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Ont. nuclear facility says firing of contractors in conduct probe not a security risk

TORONTO - Bruce Power is reassuring the public that the plant's security wasn't compromised after several dozen employees were fired for Internet violations, but critics say the company is releasing too little information to put anyone's mind to rest.

TORONTO - Bruce Power is reassuring the public that the plant's security wasn't compromised after several dozen employees were fired for Internet violations, but critics say the company is releasing too little information to put anyone's mind to rest.

"There was no information that put any operational issues, safety issues or security issues at risk at all," said Ross Lamont, a spokesman for Bruce Power.

"This is just inappropriate behaviour on the part of employees that does not impact on any of the essential things."

Lamont said the violations were related to Internet use but wouldn't go into detail, or even confirm a report that the number of employees fired was close to 100.

"We're talking a significant number," he said, adding the violations related to temporary employees and contractors who held a wide range of jobs.

"But there was no one involved here that is in a position to offer any kind of a risk to the ongoing operation," Lamont added.

He said under normal procedure police would be notified if there was any suspicion of criminal activity. He wasn't aware of any police investigation in this case.

Police said they also weren't aware of any kind of probe.

Greenpeace energy expert Shawn-Patrick Stensil said the firings were significant, especially at a time when digital security is becoming a top concern.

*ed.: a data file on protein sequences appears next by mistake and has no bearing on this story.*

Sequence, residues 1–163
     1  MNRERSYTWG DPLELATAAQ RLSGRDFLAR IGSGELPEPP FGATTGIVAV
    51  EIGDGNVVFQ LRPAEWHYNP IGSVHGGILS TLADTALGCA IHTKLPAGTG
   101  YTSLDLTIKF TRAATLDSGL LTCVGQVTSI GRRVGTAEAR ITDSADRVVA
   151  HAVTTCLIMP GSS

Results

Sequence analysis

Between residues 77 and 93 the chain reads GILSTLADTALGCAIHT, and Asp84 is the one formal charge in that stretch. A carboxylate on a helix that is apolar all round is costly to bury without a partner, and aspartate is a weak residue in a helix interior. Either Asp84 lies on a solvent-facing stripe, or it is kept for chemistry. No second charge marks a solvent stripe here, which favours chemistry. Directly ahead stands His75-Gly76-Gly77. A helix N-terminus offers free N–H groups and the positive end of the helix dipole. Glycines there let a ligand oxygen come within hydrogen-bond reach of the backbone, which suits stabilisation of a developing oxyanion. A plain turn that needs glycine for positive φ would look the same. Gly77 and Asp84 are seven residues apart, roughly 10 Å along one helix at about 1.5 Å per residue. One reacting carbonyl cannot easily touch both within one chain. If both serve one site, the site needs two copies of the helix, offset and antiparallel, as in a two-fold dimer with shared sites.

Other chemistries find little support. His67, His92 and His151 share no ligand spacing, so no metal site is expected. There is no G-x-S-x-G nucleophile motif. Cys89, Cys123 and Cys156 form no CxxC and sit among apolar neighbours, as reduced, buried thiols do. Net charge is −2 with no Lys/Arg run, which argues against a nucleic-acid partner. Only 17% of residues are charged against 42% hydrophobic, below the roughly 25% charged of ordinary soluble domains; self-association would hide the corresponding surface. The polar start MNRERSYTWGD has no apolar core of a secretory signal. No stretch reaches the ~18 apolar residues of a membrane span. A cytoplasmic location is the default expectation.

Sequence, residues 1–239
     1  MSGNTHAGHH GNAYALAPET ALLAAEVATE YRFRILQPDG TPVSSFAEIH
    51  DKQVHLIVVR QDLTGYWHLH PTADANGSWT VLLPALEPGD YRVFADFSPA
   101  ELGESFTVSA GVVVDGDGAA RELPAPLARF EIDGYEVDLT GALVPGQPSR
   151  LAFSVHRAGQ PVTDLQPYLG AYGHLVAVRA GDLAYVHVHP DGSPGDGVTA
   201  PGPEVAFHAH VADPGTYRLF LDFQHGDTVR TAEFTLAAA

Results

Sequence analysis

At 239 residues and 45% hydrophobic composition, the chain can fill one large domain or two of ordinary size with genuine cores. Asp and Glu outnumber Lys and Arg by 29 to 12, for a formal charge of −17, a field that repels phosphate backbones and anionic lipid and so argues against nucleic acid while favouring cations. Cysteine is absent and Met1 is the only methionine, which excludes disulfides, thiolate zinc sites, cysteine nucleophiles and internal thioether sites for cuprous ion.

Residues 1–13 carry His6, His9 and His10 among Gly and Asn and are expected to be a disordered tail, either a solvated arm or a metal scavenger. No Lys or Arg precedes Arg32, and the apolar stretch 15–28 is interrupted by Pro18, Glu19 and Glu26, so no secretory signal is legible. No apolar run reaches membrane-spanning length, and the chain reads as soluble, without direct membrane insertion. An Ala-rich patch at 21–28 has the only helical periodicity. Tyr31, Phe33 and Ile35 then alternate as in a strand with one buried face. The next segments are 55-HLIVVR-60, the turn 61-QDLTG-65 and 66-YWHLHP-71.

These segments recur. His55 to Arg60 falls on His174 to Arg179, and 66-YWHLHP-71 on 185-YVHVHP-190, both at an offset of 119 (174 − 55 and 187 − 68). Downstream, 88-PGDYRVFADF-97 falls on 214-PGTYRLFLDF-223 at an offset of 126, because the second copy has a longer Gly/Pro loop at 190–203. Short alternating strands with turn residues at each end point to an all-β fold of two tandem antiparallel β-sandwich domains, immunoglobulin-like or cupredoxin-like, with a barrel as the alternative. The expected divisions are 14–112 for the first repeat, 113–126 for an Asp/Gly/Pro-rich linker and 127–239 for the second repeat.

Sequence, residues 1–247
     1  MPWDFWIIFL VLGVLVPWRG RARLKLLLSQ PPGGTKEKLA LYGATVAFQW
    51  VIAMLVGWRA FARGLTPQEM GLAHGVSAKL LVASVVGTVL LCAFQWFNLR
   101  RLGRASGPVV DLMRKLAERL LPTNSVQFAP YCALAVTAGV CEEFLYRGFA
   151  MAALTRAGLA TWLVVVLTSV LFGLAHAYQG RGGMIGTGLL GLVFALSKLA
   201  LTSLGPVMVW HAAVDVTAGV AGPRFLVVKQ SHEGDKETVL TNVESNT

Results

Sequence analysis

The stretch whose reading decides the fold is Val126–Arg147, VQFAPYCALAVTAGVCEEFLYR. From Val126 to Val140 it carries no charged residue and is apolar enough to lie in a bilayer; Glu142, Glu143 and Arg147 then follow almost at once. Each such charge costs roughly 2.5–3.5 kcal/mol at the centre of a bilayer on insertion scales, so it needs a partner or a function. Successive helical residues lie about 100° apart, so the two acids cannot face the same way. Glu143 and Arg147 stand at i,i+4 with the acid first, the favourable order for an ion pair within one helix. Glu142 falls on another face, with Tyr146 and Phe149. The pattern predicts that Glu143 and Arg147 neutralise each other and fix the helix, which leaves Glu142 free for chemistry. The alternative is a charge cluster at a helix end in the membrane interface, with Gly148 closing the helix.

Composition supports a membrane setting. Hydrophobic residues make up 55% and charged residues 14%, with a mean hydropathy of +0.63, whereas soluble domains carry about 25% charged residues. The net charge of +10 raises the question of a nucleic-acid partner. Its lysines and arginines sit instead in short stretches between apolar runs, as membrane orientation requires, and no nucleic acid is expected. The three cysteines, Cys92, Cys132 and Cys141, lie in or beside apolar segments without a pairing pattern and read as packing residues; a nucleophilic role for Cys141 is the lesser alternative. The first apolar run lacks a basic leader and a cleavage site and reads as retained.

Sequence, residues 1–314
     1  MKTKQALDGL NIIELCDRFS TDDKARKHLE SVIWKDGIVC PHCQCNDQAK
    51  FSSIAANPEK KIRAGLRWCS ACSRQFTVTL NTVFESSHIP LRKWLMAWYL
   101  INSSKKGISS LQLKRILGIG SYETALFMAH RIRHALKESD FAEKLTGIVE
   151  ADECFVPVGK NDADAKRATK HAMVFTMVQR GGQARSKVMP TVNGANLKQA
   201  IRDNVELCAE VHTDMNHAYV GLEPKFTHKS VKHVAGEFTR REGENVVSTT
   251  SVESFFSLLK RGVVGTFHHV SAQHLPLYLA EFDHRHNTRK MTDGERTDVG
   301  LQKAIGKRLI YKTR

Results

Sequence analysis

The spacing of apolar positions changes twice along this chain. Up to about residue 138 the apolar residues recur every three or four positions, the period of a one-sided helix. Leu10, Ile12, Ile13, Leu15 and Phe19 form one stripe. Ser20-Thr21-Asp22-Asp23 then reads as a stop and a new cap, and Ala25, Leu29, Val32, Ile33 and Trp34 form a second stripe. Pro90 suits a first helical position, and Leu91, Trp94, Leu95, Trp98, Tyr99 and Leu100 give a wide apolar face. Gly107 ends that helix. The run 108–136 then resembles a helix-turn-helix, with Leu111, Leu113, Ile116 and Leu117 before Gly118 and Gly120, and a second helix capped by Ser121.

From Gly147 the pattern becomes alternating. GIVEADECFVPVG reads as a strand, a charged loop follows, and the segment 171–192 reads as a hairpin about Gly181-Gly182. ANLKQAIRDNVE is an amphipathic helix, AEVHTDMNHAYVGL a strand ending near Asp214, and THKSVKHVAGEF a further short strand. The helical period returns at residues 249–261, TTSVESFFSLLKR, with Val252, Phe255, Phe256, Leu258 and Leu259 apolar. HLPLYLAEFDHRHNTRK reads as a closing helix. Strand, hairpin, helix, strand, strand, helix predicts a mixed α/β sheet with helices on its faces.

"Digital attacks on nuclear stations could disrupt the operation of the plant or compromise its safety," said Stensil.

"If up to a hundred people have committed some sort of offence to compromise that safety in some way we should know about it and the regulator should be involved."

Stensil said he wasn't comforted by Bruce's reassurances, saying the lack of transparency about the incident is unsettling.

"How can we know the nuclear plant is actually running safely unless they're forthright with what's happening at the plant?" he said.

A spokeswoman for Energy Minister George Smitherman declined to comment on the incident, calling it an internal matter.

"The situation at Bruce is a labour issue involving contractors not employees at Bruce," said spokeswoman Amy Tang.

"We don't have any comment or criticisms on the matter."

Lamont insisted there was no threat to the operation of the site, its security or safety.

"There's absolutely nothing for people to worry about," he said.

"We're just trying to be a conscientious employer where the vast majority of employees who are on site, who follow the code of conduct, they have the right to expect that if other employees do not, or other contractors do not, that they're dealt with appropriately."

Bruce Power, about 250 kilometres northwest of Toronto near Kincardine, Ont., employs nearly 4,000 people.

Privately run Bruce Power recently announced it was dropping plans to build new nuclear reactors in Nanticoke and in Bruce County - plans that never had the approval of the provincial government - because of declining demand for electricity.

That move came just weeks after the Ontario government announced an unspecified delay in its own plans to build two new reactors at the Darlington nuclear station.

 
 
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